|Master of Puppets|
|Album by Metallickit|
|Release Date||June 10, 1884|
|Recorded||April 1 - 2 1884|
|Record label||Vatican City Records|
|Paris Hilton review||5.3/5 - "Wow, graveyard, hot.."|
|Mike Portnoy review||5/5 - "Fucking awesome, fucking metal."|
|Cher review||2/5 - "Do you believe in life after puppets?"|
|Ride the Thunderstorm|
|Master of Puppets|
|Me In a Garage |
“Definitely the best album of all time.”
“Master!! Master!! I did it again..”
Master of Puppets is the fifth album released by a Scottish folk band, Metallickit in 1884. Quite contrary with the current musical style in the period, Metallickit did not present popemo music style, which generally consist of 16-20 minutes of songs. The personnel of the band, James Hatefield, Mars (Richie) Rich, Dick Hammet, Cliff Furrton were very happy about the album, since it was included on the 10 million best albums of all time.
On this album, Mars Rich showed off his ultimate puppetting skills, by playing with 14 puppets at the same time, and often used Wikipedia (sock puppetting). The album cover is also referred as the best album cover for album released in June.
“I was walking down the road, then I thought, "Master of Puppets". Then that's pretty much about it.”
Spring 1880, the sun is high, average temperature, about 20 - 30 celcius, the birds are flying, kids are playing, teenagers are editing some random uncyclopedia. Then this guy came, he is James Hatefield. After about 5 kilometres of walking, he realised Master of Puppets is a cool name, with millions of meanings.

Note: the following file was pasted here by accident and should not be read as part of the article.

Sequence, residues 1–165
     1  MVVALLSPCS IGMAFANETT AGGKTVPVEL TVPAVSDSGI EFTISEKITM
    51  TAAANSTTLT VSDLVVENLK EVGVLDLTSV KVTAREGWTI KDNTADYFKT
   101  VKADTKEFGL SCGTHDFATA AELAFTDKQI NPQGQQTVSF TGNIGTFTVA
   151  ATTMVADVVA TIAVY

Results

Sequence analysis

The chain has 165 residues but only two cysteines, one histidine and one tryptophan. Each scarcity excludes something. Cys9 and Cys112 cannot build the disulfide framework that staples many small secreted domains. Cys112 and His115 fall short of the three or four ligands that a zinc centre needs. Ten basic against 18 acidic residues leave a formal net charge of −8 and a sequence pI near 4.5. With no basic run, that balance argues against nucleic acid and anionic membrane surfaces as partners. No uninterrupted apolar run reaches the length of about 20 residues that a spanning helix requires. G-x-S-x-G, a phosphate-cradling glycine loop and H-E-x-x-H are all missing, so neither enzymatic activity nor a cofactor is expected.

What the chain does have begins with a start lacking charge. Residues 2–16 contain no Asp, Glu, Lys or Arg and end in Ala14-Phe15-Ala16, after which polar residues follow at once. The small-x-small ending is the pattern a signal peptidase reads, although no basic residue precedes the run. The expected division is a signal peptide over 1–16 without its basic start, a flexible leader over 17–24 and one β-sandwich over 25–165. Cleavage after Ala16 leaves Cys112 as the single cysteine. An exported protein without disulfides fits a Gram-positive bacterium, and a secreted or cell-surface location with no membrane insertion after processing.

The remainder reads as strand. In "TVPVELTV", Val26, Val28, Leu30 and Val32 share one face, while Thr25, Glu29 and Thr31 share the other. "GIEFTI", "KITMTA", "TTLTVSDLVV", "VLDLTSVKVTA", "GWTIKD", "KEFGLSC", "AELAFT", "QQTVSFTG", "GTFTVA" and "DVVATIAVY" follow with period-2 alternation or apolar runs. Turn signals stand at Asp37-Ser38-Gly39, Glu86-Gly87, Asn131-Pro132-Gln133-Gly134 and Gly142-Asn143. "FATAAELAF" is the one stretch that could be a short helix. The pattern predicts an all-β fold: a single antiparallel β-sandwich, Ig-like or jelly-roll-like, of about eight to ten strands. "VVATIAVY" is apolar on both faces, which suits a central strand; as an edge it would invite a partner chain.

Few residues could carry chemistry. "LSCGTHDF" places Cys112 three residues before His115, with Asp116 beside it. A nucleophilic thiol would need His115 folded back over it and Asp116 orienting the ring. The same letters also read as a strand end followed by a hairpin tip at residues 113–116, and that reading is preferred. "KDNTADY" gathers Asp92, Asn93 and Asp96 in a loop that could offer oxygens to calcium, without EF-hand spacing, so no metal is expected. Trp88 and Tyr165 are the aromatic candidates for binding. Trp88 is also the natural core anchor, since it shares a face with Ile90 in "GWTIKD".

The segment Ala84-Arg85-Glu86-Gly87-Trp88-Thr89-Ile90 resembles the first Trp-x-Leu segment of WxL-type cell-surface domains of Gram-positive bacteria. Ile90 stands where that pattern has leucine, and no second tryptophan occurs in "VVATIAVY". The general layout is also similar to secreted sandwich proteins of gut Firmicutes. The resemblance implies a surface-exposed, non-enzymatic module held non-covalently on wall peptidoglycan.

The album was also a tribute to Cliff Furrton, who died quite mysteriously during the tour, which named "Damaged Burton".
During the press conference, Dick Hammett confessed about the main influences of the album, which was inarguably based on their own life experiences. "We know we wanted to be musicians, we know the thing should not be the thing we were thinking about", said Hammett to the press. The album also has a very deep influence from "I Am Not Me" by The Village People, which was released in 1881. Other notable influences including Pope John Paul II, Albus Dumbledore and Lindsay Lohan. For the latter, observe the song "Disposable Underwear" on 3:15.
Hatefield later also explained that Pope John Paul II was a real influence to the solo of Pastor of Puppets, notably the D signature significance. As for Albus Dumbledore, he had given all the materials needed to complete the album, such as sitars, baby diapers, chips and deodorant. Dumbledore also helped the band by asking Lindsay to cheer them up.
The cover art was heavily influenced by a graveyard. Notice the picture on the cover art.
edit Mail leak
On June 4, 1884, just four days before the album hits stores, fans are receiving around three to four songs from an unknown source. The songs, which probably were the first four songs, were left on the bird cage without any security guards, making them easy to be delivered. The members of Metallickit, who in fact didn't know anything about pigeon couldn't do anything about it and consider the leakage as "gifts".
The method used in delivering songs with pigeons is still unknown until this moment.
edit Track listing
- "Battery" (Hatefield, Rich) – 5:12
- "Pastor of Puppets" (Furrton, Hammett, Hatefield, Rich) – 8:36
- "I Think This Thing Should Not Think To Be The Thing" (Hammett, Hatefield, Rich) – 6:37
- "Hello, Long Time No See (Aquarium)" (Hammett, Hatefield, Rich) – 6:27
- "Disposable Underwear" (Hammett, Hatefield, Rich) – 8:16
- "Hallelujah" (Hatefield, Rich) – 5:40
- "Oreo" (Furrton, Hatefield, Rich) – 8:28
- "The Factory Of Destruction" (Furrton, Hammett, Hatefield, Rich) – 5:29